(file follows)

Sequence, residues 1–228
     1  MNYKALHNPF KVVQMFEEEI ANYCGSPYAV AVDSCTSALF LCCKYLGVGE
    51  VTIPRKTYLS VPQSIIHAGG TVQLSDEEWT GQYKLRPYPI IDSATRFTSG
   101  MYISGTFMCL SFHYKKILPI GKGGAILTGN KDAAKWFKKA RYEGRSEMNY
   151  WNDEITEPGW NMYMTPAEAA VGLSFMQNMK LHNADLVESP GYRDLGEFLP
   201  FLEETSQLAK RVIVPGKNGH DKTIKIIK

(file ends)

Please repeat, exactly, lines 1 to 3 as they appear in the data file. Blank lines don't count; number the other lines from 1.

Sequence, residues 1–228
     1  MNYKALHNPF KVVQMFEEEI ANYCGSPYAV AVDSCTSALF LCCKYLGVGE
    51  VTIPRKTYLS VPQSIIHAGG TVQLSDEEWT GQYKLRPYPI IDSATRFTSG